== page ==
2. MFU' and Tax Collection

From an unregistered file of Tour Reports by A.D.Os, dated 12.i.34

.... "During a recent tour of Banso I stayed at Nkot [Nkor]. I sent for some elders of Bum and Nditaw (sic) and the head of Ngunikimbi came. Nditaw said the Bum were 'adopting the manjong organization'. One year ago, as a result of travels in Banso, two important people, Nditaw and Moachom [possibly Ful Mwancum], became obsessed with the idea of commencing manjong in Bum. The Bum have recently built manjong houses at Lagabum, Fonfuka, Ngunikimbi, Ofio and Saf. This is only the beginning. They propose to build more houses. They are adapted to the duties of tax collection and, where houses exist, they are being employed to supervise the actual collection of money.

This society is only beginning, for at the present time they have only got as far as making one big office holder, namely one of Moachom's sons called Ngong Nana. They call him, oddly enough, Tanfuk [EMC. Tamfu'] They have no other tamanjongs. The organization has also got as far as catering for the election of officers and it has been decided that the Chief should be entrusted with this duty. Those compounds, whose members attend the existing manjong, are now paying tax to them.

As the matter is one of general interest and one which may, in due course, affect the organization of the community, I considered that you would wish to know the facts with a view to keeping the project under supervision. The more so, as similar difficulties to those now existent in the Banso area may arise (i.e. Compound Heads losing their authority in the community owing to the growing power of tamanjongs)."

[This unsigned note (perhaps by W.M. Bridges) belongs to the period during which 'Lump Sum Assessment' for tax was still the administrative vogue, though it was soon to be modified. (For a description of its effects in Nso' see Chilver and Kaberry 'From Tribute to Tax', in Africa 30 (i), 1960, reprinted in John Middleton's Black Africa: Macmillan, New York, 1970.) The reporter has not yet caught up with the problems faced in Nso' in tax-collection, which differed from those of Bum. In the former the Catholic Mission has initially forbidden converts to join Ngwerong lodges and manjong type male societies: neither it nor the Baptist Mission has done so in Bum, where, it had seemed to them, Kwi'fon had no offensive 'pagan religious' associations though Ntul or Ntut was rather more dubious. But, as we have seen, Kwi'fon-a-Bum only applied in Bum to its old core area, while membership of Ntut had been extended to include other elements. While it had no executive apparatus per se it depended for enforcement on palace retainers or the 'messenger' element in nda ntul which in turn left the enforcement of rules to a variety of local devices, in the hands of non-Alung chieflets and abitek. Now Nso', on the other hand, had early adapted its well- developed military and hunting associations (of which Mfu' was the leading one under royal patronage with sector headquarters in the capital) in various ways to cope with administrative demands and public work, and these could apply sanctions for non- compliance.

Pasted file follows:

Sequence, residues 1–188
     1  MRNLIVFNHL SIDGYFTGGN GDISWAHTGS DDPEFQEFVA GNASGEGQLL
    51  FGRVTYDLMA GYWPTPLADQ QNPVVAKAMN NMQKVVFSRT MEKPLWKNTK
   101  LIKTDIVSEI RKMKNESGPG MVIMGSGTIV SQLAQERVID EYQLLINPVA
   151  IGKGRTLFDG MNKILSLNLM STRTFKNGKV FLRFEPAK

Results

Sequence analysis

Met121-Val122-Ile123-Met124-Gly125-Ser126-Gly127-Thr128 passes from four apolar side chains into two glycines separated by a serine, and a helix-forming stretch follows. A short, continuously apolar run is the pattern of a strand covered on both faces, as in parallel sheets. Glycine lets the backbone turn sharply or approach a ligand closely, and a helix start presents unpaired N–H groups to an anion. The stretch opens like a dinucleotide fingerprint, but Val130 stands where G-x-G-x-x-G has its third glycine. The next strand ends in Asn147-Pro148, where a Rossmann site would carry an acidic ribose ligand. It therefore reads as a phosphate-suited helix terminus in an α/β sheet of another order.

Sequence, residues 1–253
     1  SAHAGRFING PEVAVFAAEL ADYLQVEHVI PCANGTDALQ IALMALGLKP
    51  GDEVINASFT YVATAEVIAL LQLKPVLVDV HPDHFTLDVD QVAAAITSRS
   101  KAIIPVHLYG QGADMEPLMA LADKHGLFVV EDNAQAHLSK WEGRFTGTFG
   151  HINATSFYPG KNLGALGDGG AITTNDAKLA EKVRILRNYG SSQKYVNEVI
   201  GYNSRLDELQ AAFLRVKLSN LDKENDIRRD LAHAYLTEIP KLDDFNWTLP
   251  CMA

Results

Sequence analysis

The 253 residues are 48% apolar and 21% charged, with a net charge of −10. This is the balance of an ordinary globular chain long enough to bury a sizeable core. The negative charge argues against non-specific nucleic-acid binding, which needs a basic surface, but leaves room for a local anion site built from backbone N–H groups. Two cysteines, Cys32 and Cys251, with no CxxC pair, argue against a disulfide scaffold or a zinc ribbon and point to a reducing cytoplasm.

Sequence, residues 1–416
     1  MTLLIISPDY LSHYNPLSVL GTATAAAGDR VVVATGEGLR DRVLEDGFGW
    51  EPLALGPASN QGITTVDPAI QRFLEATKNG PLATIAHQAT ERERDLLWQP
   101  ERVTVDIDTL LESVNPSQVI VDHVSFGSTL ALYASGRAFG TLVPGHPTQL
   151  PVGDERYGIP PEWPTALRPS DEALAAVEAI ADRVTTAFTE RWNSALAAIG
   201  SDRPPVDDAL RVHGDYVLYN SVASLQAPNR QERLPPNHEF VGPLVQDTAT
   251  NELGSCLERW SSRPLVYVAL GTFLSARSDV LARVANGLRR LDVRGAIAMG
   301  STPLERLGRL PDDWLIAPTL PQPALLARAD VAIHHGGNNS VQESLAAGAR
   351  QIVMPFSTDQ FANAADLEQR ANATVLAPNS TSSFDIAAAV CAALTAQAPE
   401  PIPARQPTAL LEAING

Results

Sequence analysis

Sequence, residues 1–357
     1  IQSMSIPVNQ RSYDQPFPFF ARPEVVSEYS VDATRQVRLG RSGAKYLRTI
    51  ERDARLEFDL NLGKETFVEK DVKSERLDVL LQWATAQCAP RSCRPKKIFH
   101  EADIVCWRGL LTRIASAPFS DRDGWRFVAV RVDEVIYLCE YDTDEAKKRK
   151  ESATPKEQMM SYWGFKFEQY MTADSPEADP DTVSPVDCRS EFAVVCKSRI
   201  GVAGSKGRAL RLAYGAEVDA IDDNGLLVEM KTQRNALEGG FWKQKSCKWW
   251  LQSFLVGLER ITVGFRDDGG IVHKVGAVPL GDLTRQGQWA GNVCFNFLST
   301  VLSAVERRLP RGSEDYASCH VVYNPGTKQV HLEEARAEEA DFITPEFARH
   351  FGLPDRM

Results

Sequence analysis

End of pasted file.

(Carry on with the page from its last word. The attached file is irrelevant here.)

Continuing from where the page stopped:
An association also called Mfu' had existed in Bum: according to Pollock it was a drinking and dance association possessed of a buffalo mask owned by 'senior members of the clan', apparently bearing no direct relationship to the Nso' bullroarer society of the same name, introduced there from the Bamum borderlands. Njong-type societies, reminiscent of the Kom ones, had also existed and we hear, for example, of a nda cam. But, at least insofar as our slender information goes, there had been no regular meeting of njong officers at the palace. We collected no information about the evidently successful accommodation of Bum to a fairly regular German presence, or indeed about the history of this and other adaptations, such as the development of older Quarter-moots into the Area Councils of the last stages of British rule. The capacity of the Bum leadership to transform and adapt older institutions between 1930 and 1960 deserves special study.]

Glossary Contents Working Notes
Sally Chilver's Field Diary Phyllis Kaberry Fieldnotes Published Account

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